Amid news that millions of migrant workers are roaming the Chinese countryside unemployed, a severe drought affecting eight breadbasket provinces and state authorities admitting that 2009 could be a year of unprecedented social unrest, Chinese Communist Party (CCP) officials must be looking left and right these days for ways to retain their grip on power. After all, much of the CCP’s legitimacy rests on its ability to promote economic growth and pull millions of Chinese out of poverty, which in the past two decades or so it has managed to accomplish with some success.
However, failure to sustain such growth, the pessimistic theory has it, could result in serious social unrest, rebellion and, in the worst-case scenario, the fragmentation of the country.
While, given the strength of the state security apparatus, a complete breakdown of the CCP is a disputable outcome, this year nevertheless represents a daunting challenge to Chinese authorities. To the abovementioned troubles we can add the 60th anniversary next month of the Tibetan uprising and, on June 4, the 20th anniversary of the Tiananmen Square Massacre, both of which could result in demonstrations and potential clashes.
If the past is any indication, the CCP will attempt to mollify its restive population, or pre-empt trouble, by reinvigorating the nationalist spirit, an approach that, in China’s case, has two principal, if seemingly antipodal, components: victimhood and pride.
The victimhood component has been used on many occasions, from Beijing complaining that the “feelings of the Chinese were hurt” whenever officials from another country met or gave awards to the Tibetan leader the Dalai Lama, as we saw last week when he was made an honorary citizen of Rome. Beijing has also used this card whenever the US has agreed to sell weapons to Taiwan, or when, during the NATO bombing campaign against Serbia in 1999, a US missile accidentally destroyed the Chinese embassy in Belgrade, sparking “spontaneous” demonstrations across China.
It has also made recourse to victimhood whenever a Japanese leader has visited the Yasukuni shrine, which commemorates Japan’s war dead, by resuscitating the emotionally laden keywords “Nanjing” and “Manchuria.”
All told, this tactic of “externalization,” of channeling discontent outwards at a foreign agent, draws on the decades-long resentment at, and persistent fear of, Western imperialism and meddling in China’s domestic affairs. It also stems from a nagging inferiority complex vis-a-vis the West, which, rise as it might, China has yet to exorcize.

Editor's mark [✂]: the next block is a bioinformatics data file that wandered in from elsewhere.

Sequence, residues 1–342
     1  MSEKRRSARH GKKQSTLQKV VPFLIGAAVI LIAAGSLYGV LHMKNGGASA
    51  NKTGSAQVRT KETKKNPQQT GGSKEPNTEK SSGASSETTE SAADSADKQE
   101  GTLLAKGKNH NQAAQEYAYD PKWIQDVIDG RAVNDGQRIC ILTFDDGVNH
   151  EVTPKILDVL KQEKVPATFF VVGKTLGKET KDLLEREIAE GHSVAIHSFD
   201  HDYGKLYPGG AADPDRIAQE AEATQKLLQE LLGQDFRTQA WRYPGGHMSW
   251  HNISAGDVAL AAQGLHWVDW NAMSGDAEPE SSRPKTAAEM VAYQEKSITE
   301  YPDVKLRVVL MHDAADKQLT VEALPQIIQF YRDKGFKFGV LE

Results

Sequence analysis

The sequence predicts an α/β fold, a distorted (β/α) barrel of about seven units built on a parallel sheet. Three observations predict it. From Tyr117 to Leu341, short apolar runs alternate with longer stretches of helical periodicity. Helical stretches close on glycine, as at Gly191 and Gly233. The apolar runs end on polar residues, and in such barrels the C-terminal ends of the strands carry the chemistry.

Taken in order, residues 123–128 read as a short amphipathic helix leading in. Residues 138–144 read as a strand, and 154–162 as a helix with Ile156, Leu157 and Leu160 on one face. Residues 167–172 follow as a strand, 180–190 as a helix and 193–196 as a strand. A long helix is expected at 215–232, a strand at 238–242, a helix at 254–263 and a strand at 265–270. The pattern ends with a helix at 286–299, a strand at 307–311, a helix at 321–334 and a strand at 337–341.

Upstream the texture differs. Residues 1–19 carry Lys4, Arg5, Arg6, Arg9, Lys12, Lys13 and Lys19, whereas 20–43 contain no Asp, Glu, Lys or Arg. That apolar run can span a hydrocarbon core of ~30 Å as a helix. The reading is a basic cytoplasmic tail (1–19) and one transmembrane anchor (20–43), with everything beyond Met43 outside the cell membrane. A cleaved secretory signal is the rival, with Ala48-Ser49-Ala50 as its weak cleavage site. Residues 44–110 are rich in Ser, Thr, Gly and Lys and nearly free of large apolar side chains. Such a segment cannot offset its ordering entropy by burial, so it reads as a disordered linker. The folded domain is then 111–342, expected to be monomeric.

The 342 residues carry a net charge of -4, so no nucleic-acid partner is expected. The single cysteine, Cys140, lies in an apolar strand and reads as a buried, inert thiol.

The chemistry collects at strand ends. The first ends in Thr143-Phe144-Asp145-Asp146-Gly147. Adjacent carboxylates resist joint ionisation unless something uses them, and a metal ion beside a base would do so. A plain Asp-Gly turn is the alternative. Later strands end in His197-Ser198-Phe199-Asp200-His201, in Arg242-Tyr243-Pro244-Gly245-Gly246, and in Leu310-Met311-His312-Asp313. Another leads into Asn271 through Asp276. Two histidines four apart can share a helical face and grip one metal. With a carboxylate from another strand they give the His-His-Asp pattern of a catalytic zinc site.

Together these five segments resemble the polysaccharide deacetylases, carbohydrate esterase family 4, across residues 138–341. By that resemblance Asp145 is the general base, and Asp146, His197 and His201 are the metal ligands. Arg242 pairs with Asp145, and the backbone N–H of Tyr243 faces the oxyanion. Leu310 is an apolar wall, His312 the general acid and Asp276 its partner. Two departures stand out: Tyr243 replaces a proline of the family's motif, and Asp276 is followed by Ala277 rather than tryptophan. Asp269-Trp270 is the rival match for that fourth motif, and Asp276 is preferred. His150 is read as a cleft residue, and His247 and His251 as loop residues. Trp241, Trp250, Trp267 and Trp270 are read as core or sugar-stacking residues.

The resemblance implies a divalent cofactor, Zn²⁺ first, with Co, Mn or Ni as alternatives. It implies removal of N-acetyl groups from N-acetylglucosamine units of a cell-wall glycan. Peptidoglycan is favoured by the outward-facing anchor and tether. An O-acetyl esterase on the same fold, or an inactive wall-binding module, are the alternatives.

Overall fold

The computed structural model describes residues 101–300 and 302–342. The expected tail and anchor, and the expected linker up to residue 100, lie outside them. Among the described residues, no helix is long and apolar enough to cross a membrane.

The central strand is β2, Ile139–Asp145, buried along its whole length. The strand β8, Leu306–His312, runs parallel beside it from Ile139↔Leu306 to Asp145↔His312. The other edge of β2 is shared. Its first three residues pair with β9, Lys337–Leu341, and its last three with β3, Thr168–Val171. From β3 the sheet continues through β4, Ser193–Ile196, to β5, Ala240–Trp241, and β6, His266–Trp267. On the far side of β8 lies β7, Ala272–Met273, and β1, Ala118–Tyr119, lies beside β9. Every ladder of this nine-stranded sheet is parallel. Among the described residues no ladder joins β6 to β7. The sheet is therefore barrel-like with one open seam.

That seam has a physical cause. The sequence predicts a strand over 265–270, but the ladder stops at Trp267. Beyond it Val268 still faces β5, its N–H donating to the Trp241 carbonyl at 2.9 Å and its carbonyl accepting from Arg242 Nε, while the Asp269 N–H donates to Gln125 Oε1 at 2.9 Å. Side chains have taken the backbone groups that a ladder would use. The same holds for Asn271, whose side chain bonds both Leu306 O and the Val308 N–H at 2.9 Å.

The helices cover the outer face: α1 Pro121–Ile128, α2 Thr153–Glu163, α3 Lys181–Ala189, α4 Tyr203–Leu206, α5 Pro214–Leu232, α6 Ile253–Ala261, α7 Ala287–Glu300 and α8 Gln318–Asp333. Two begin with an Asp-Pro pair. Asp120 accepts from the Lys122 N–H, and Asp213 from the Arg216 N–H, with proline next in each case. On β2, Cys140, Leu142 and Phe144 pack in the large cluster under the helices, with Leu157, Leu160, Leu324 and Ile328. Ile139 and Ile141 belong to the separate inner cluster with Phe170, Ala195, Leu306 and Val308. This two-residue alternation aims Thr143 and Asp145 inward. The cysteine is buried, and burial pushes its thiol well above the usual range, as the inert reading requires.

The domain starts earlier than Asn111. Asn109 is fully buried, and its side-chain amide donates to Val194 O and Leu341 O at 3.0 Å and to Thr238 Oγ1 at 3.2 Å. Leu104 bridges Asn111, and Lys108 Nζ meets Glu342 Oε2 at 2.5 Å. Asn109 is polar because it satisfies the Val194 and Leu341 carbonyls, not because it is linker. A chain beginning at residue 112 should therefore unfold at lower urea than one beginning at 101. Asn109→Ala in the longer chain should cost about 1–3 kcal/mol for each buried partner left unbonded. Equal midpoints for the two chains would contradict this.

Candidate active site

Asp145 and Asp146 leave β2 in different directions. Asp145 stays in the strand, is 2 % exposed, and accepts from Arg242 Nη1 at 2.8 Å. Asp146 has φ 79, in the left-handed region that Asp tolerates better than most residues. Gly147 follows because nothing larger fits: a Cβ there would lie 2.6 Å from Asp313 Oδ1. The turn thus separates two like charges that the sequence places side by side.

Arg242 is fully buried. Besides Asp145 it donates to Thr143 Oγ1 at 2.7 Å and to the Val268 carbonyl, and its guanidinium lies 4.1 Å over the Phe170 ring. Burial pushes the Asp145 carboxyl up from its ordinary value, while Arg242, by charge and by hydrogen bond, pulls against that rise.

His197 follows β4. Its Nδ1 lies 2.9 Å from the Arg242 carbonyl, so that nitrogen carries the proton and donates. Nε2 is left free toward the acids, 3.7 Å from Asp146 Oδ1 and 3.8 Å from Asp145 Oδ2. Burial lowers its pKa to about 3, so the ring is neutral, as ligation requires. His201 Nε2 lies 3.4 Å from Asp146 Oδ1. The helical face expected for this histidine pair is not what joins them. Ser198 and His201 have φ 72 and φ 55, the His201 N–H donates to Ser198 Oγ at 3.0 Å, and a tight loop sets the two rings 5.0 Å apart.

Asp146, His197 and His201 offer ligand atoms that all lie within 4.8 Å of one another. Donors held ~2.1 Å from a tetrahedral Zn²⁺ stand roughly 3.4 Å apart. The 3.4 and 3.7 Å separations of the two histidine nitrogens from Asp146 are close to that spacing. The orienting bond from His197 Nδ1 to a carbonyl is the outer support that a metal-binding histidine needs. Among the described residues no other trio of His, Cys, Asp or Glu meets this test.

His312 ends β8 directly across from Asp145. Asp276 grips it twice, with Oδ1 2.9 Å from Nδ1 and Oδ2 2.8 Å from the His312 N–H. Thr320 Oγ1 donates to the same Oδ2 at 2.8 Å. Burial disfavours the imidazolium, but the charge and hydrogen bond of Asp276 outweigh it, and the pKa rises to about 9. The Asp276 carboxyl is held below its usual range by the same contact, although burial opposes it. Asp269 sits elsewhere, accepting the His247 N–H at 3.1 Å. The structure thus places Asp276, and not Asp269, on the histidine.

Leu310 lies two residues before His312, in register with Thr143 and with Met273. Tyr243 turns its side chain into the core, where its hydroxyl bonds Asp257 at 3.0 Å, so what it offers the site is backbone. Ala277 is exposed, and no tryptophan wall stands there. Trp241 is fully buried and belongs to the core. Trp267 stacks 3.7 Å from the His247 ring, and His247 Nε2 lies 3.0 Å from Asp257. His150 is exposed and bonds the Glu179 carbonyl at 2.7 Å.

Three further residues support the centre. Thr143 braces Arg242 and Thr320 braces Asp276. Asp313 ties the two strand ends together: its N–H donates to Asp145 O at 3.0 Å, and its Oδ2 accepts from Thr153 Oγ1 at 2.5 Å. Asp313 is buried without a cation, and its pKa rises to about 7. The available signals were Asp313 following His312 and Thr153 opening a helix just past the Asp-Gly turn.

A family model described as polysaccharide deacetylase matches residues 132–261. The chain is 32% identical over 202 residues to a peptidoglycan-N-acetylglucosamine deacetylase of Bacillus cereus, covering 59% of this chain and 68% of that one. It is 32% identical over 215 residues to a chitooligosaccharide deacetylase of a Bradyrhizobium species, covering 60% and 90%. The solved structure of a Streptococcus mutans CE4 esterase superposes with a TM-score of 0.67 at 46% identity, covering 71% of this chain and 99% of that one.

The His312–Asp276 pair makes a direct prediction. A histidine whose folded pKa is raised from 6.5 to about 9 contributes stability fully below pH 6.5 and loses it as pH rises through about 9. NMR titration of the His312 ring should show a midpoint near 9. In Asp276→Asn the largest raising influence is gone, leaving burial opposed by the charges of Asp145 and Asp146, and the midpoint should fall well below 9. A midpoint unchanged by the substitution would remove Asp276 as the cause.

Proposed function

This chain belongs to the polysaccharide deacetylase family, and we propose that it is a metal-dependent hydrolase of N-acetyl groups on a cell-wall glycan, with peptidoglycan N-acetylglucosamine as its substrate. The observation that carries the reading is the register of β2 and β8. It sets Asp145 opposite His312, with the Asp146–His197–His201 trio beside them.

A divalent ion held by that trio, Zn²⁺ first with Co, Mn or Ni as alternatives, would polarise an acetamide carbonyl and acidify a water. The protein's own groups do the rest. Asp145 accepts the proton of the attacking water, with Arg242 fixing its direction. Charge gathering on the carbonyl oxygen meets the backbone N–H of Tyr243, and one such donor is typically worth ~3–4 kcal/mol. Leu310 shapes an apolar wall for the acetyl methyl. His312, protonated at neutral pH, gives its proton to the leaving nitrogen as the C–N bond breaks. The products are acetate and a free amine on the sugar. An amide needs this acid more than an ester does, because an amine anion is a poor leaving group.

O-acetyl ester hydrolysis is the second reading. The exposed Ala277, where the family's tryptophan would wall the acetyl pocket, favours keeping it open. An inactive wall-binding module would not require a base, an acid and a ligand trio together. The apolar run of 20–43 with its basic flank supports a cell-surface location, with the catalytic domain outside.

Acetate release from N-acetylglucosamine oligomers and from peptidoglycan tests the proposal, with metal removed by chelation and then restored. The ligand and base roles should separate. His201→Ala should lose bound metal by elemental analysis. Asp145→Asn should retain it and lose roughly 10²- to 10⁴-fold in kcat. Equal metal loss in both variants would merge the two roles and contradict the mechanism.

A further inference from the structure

The second aspect of Beijing’s nationalistic strategy is pride. From its hosting the Olympic Games last year to, until recently, sustained double-digit economic growth, the CCP has tapped into global admiration to sell itself to its citizens. The Chinese government’s naming Zhang Jianyong (張建勇), the fireman who died in a spectacular blaze in Beijing last week, a “revolutionary martyr” — an honor normally given to Chinese who sacrificed their lives for China’s communist revolution — is also part of that strategy of turning nationalistic pride into an opiate. Zhang was no “martyr”; he was simply doing his job.
As a counterpart to its “exceptional rise” propaganda strategy, Beijing has used censorship and, when necessary, the security apparatus to prevent “negative” news reaching ordinary Chinese lest the information undermine society’s faith in the CCP. As such, anything relating to the health of CCP cadres, natural catastrophes and social unrest now falls under the “state secrets” category, meaning that anyone who reports on, disseminates or possesses such information is subject to arrest.
Might is simultaneously an object of pride, a means to right historical slights and a tool of repression, a warning to Chinese that under certain circumstances the security apparatus can be turned on the people, as happened at Tiananmen Square in June 1989 and during the uprisings in Tibet in March last year.
It was with this in mind — the poles of pride and fear — that the CCP’s Central Military Commission on Wednesday announced that the military parade to celebrate the 60th anniversary on Oct. 1 of the People’s Republic of China would be an “unprecedented” display of troops and weaponry, with more arms and weapons than in any previous parade.
Beijing didn’t even attempt to hide the object of this “unprecedented” parade: “As the international financial crisis is still spreading and there are still some critical problems in the domestic economy as well as many uncertainties in international society, holding such a parade will significantly increase the people’s national pride and self-confidence,” the commission said.
The inherent message behind the parade — which moviemaker-turned-state-propagandist Zhang Yimou (張藝謀) will organize — is that Chinese should celebrate their military and conveniently forget the hardships they face; failing to do so, they risk tasting its sting.
J. Michael Cole is a writer based in Taipei.
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